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Johnson, Andrew (President)

Born: 1808-12-29 Raleigh, North Carolina

Died: 1875-07-31 Carter County, Tennessee

Flourished: Tennessee

Andrew Johnson was a city government official, state legislator, U.S. representative, U.S. senator, vice-president, and seventeenth president of the United States. The son of bank porter Jacob Johnson and seamstress Mary McDonough, Johnson lost his father at an early age and never attended school. After apprenticing with tailor James J. Selby in North Carolina, Johnson made his way to Greeneville, Tennessee. There he met Eliza McCardle and in 1827 they married, eventually having five children.

Johnson’s political career began in local government when he was elected alderman on a mechanics’ ticket in 1829. He then served as mayor of Greeneville in 1834, and again in 1837, before his election to the Tennessee General Assembly in 1835. He failed to win reelection to the legislature in 1837 but returned to his seat in 1839. It was at this point that Johnson firmly settled into the Democratic Party, espousing Andrew Jackson’s rule of the common man along with Thomas Jefferson’s concepts of agrarianism. He won election to the Tennessee Senate in 1841 before moving to the U.S. House of Representatives in 1843. It was there that he remained for ten years.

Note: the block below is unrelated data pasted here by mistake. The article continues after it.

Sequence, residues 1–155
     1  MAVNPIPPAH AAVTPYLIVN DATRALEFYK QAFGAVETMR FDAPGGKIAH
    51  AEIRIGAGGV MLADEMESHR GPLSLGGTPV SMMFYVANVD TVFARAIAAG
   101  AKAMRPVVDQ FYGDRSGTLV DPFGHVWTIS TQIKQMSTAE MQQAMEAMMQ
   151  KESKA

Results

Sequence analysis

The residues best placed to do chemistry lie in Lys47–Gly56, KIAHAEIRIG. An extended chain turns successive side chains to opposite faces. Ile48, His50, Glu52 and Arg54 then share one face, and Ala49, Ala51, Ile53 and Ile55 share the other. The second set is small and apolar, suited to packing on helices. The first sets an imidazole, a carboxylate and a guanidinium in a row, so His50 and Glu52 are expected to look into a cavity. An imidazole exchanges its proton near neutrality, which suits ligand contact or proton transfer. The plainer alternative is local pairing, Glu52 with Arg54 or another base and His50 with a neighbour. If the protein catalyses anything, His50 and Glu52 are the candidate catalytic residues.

As Johnson advanced in political offices, he began collecting enemies. In the House, he alienated himself from conservative members of the Democratic party as well as southern leaders, despite his insistence on the superiority of the white race. Others saw him as unreliable and extreme in his economic views. When he could no longer win reelection to the House, he served as governor of Tennessee in 1854 and 1855, even after opposition within his own party and a bitter campaign. Nevertheless, in 1857, Johnson became a U.S. Senator and continued to vote against internal improvement projects and federal expenditures. His hopes for a presidential nomination in 1860 were unfulfilled.

Andrew Johnson stepped out as a solid Unionist as the secessionist crisis broke out with the election of Abraham Lincoln. On December 18 and December 19, 1860, Johnson delivered a powerful speech to the Senate declaring that no state had the constitutional right to secede from the United States without the consent of the other states. He became a traitor to the South and a hero to the North. On March 3, 1862, Lincoln appointed Johnson military governor of Tennessee. With the need to attract votes of “War Democrats,” the Lincoln ticket added Johnson as vice presidential candidate at the 1864 Baltimore National Union Party Convention. Upon the assassination of President Lincoln, Andrew Johnson was sworn in as the seventeenth president of the United States on April 15, 1865.

Johnson’s presidency meant failed promises of rights to freed persons and a permanent rift between him and the Republican-held Congress. The contentious administration culminated in the House of Representatives voting to impeach Johnson on February 24, 1868. The Senate, however, acquitted Johnson in May 1868. Johnson finished his term and returned to Greeneville, but he did not retire. In 1875, he returned to the Senate, dying a few months later at age sixty-six.

Hans L. Trefousse, "Johnson, Andrew," American National Biography, ed. by John A. Garraty and Mark C. Carnes (New York: Oxford University Press, 1999), 12:39-43; Gravestone, Andrew Johnson National Cemetery, Greeneville, TN.